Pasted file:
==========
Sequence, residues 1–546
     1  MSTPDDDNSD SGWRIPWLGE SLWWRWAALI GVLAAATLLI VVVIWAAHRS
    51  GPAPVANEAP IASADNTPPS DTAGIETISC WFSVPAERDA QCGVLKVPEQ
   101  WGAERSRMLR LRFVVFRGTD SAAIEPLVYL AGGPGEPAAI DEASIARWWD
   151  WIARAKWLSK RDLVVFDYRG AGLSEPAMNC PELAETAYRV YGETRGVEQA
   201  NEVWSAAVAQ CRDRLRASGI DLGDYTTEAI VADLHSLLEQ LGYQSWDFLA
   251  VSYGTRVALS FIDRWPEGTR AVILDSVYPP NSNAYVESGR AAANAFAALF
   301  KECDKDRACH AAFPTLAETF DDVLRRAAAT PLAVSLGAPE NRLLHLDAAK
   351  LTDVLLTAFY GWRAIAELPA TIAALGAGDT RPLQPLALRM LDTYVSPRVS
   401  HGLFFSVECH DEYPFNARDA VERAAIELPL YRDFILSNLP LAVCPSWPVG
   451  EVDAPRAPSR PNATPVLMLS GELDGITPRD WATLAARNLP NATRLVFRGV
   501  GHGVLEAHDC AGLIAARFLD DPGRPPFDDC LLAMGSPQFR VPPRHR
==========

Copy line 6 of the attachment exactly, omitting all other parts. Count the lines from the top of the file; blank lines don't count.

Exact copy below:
   201  NEVWSAAVAQ CRDRLRASGI DLGDYTTEAI VADLHSLLEQ LGYQSWDFLA